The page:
Flexible furlough – what do changes to the Job Retention Scheme (JRS) mean for your business?
The Chancellor has announced how the JRS will change from 1 July 2020. This is what you need to know.
The JRS will operate on its current basis until the end of June. It will close to new entrants from 1 July 2020, meaning that any employer wanting employees to take advantage of the new scheme must have furloughed them by 10 June at the latest. From 1 July furloughed workers can return to work part time. Employers must pay the full employment costs in respect of any part time hours worked by furloughed workers. From 1 August 2020 employers must meet 100 percent of the employer’s NIC and minimum pension contributions due on payments to furloughed workers, regardless of whether they relate to working or non-working hours. Furloughed employees will remain entitled to receive at least 80 percent of their reference pay for non-working time (subject to a cap) but the portion of reference pay covered by the JRS grant will reduce to 70 percent from 1 September 2020, and to 60 percent from 1 October 2020. The employer must fund the difference between the reducing grant and the minimum payments to furloughed workers in respect of their non-working hours. Before these changes come into effect, employers should model the impact for their businesses of increased flexibility on working and reduced financial support, and what this means in terms of new or continuing participation in the JRS.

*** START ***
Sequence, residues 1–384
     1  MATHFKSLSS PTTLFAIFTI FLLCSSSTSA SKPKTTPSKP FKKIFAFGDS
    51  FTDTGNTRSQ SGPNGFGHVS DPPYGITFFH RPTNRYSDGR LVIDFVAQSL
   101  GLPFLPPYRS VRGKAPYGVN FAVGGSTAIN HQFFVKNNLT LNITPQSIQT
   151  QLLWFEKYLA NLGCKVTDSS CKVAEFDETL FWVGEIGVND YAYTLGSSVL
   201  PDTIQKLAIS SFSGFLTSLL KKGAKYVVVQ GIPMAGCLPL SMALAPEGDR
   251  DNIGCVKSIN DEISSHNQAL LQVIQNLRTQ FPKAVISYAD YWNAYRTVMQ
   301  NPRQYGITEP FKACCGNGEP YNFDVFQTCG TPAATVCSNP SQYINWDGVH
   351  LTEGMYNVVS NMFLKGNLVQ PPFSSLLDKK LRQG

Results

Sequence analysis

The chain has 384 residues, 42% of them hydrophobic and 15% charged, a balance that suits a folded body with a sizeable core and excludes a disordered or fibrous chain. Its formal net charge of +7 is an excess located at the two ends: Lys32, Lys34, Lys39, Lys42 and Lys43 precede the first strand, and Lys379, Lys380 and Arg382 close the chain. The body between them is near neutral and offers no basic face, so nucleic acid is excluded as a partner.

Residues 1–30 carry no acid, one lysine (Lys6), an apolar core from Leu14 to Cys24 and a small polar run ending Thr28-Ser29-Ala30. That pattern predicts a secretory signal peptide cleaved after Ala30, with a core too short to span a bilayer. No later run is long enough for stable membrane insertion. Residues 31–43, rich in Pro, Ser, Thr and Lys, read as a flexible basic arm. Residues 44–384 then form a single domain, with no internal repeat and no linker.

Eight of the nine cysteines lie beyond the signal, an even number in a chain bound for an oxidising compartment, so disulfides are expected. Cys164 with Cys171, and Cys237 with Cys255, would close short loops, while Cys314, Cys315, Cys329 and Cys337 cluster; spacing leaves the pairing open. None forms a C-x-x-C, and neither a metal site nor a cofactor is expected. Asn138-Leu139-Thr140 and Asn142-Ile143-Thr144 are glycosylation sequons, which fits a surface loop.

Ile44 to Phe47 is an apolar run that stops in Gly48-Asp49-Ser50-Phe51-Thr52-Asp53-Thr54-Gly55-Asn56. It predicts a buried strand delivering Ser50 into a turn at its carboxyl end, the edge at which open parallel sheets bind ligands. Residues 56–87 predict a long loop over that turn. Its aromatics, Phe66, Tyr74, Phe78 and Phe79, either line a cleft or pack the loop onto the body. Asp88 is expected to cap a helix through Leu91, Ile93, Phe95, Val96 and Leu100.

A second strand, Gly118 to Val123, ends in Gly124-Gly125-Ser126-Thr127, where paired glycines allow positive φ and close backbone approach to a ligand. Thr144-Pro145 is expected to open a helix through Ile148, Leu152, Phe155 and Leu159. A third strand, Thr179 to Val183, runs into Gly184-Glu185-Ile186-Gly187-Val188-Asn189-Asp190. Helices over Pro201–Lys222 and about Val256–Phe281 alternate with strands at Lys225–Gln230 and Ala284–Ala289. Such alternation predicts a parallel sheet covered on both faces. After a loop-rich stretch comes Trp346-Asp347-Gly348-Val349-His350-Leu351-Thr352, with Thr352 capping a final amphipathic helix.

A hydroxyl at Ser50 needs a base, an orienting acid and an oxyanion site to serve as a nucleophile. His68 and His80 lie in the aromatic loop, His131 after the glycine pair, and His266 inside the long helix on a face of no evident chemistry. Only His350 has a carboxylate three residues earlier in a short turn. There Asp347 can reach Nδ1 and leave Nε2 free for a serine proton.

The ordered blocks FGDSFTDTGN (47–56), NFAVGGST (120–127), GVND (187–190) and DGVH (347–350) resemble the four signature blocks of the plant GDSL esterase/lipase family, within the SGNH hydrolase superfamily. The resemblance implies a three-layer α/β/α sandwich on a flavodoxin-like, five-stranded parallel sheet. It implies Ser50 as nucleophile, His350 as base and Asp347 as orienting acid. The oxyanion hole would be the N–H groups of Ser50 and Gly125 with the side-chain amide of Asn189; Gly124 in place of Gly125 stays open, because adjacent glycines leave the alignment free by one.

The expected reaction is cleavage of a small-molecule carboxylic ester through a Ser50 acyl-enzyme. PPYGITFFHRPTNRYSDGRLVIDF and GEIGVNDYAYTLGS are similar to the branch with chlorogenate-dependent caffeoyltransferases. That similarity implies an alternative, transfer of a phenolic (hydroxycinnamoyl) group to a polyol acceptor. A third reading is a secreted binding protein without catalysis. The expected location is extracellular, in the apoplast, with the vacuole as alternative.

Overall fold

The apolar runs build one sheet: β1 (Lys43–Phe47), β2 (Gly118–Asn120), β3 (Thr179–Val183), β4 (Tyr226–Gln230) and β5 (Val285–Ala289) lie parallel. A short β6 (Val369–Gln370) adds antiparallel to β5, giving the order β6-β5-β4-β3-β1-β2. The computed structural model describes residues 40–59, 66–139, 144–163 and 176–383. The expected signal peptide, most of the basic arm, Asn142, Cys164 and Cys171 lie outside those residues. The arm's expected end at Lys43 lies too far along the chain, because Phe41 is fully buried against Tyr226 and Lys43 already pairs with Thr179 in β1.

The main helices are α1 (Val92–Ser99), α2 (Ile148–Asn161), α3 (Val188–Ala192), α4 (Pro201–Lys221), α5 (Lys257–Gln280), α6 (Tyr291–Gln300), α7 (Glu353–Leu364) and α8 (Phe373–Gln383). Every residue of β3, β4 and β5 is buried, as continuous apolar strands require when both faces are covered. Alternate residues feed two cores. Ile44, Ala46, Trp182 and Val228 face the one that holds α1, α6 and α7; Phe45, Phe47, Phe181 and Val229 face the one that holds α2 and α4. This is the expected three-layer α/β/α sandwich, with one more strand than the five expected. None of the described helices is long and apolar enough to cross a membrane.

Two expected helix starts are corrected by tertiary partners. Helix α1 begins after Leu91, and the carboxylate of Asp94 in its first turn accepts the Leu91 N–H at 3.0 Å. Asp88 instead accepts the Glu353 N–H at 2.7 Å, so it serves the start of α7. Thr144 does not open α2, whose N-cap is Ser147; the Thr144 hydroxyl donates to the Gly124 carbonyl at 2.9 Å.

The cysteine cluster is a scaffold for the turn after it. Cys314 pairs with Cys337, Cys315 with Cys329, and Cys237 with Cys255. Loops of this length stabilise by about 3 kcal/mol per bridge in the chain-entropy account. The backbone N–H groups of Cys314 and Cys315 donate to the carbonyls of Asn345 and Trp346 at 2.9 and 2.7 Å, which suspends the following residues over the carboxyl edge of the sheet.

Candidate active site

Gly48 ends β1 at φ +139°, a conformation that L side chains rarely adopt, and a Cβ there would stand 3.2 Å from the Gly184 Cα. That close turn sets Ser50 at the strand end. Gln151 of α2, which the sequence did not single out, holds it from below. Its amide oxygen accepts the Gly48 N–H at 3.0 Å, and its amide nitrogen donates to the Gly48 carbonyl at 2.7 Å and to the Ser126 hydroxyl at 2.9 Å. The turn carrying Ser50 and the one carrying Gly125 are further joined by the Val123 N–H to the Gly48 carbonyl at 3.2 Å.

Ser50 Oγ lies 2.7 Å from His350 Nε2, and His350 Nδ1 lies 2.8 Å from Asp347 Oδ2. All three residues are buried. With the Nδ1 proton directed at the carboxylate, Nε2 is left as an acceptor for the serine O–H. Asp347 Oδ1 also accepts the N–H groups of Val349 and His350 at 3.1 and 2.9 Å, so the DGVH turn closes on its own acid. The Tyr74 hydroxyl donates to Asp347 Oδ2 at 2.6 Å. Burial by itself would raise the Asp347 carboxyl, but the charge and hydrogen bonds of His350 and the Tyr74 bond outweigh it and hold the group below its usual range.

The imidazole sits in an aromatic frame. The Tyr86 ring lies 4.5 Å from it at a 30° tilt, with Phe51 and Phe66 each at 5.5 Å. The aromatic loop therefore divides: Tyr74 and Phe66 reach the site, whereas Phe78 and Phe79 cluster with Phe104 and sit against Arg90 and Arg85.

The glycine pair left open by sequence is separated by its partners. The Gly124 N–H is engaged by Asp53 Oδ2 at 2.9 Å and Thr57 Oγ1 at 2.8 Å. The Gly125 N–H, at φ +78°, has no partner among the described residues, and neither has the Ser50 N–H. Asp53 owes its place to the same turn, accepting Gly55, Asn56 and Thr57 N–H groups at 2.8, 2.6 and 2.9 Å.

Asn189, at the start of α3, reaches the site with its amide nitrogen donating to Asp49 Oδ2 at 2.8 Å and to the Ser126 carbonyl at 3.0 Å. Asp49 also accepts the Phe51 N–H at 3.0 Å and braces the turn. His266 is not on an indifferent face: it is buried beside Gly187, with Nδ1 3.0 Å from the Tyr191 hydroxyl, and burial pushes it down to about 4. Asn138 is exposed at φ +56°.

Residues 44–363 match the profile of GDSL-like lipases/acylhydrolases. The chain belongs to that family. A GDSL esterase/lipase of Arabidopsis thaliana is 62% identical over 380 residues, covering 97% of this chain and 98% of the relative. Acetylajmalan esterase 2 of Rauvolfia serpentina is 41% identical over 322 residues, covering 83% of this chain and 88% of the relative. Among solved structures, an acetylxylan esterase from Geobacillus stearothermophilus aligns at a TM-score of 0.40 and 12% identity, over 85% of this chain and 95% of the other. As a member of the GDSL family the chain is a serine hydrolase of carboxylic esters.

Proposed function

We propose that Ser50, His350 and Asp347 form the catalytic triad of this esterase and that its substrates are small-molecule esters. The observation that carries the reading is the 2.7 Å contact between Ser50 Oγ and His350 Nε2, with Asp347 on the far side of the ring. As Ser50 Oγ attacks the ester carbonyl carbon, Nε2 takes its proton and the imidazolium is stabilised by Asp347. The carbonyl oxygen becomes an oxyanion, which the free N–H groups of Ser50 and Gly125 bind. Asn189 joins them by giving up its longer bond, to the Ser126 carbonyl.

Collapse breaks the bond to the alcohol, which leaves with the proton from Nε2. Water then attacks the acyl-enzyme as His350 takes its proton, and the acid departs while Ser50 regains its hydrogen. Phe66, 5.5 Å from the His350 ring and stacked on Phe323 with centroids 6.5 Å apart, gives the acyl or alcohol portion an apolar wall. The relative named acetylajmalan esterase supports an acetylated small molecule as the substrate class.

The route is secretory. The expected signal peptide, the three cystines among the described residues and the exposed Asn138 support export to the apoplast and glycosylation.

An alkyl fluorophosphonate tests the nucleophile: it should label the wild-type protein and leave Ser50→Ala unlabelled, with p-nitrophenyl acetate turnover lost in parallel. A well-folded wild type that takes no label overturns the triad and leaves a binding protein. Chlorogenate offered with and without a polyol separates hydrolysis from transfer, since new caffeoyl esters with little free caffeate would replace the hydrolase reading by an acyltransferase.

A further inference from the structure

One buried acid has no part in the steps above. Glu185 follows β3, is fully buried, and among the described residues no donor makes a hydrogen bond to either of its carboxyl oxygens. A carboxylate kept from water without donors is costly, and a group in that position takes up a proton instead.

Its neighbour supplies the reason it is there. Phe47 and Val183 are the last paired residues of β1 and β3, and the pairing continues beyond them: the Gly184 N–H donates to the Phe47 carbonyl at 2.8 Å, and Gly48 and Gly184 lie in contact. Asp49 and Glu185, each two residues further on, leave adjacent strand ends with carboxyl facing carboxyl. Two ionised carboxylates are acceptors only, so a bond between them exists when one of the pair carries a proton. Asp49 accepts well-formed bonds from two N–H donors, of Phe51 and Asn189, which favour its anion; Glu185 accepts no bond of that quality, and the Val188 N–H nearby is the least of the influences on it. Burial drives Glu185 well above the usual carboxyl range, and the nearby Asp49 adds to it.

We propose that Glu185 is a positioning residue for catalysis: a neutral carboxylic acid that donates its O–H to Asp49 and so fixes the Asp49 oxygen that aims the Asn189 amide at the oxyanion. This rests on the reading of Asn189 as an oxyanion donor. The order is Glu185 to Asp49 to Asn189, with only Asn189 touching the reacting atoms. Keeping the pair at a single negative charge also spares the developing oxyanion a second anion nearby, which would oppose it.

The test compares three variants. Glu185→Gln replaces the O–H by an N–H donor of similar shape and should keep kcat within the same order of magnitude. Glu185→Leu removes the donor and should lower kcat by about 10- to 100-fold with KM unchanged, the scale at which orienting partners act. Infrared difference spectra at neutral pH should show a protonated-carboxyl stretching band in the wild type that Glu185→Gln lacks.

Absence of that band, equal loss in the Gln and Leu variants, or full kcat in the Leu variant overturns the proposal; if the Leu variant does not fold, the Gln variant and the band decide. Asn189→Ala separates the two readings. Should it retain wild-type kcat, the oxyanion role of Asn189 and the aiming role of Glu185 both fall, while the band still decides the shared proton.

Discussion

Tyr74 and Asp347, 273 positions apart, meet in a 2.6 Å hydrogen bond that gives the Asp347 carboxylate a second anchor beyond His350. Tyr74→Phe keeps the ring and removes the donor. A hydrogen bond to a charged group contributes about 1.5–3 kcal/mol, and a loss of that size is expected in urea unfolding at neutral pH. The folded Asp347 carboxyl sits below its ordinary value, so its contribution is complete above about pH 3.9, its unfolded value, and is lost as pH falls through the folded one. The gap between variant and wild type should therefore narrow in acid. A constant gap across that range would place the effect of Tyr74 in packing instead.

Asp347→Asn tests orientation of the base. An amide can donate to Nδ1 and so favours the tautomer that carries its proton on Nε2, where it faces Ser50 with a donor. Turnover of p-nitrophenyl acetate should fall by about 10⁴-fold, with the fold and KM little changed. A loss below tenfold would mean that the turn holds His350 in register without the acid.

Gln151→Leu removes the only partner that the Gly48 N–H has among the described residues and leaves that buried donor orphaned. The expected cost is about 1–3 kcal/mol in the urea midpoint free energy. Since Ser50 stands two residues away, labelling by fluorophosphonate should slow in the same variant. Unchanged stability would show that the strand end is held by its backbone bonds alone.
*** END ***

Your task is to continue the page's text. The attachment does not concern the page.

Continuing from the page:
The JRS will continue in its current form until 30 June 2020. In summary, up to and including that date:
- Employers can agree with employees that they are to be ‘furloughed’ under the scheme;
- Furloughed workers cannot, subject to some limited exceptions, undertake any work for their employer (or a connected company);
- HMRC will pay the employer a grant equal to:
- 80 percent of the furloughed worker’s reference pay (these payments are capped at £2,500 per month), which represents the furloughed worker’s minimum entitlement to pay under the scheme; and
- The associated employer’s NIC and minimum automatic employer pension contributions;
- The employer bears the full cost of any ‘top up’ payments made to furloughed workers over and above their minimum entitlements under the scheme.
Following his earlier announcement that the JRS would be extended until 31 October 2020, but be made more flexible with employers bearing some of the costs, the Chancellor confirmed on 29 May how the scheme will start to change from 1 July – rather than from 1 August as had been expected.
The prospective changes are summarised below. Detailed HMRC guidance on how the new scheme will work is expected on 12 June.
A flexible return to work
From 1 July, furloughed workers can return to work on a flexible part-time basis.
Until the JRS closes on 31 October (unless it is further extended), these employees will be entitled to receive: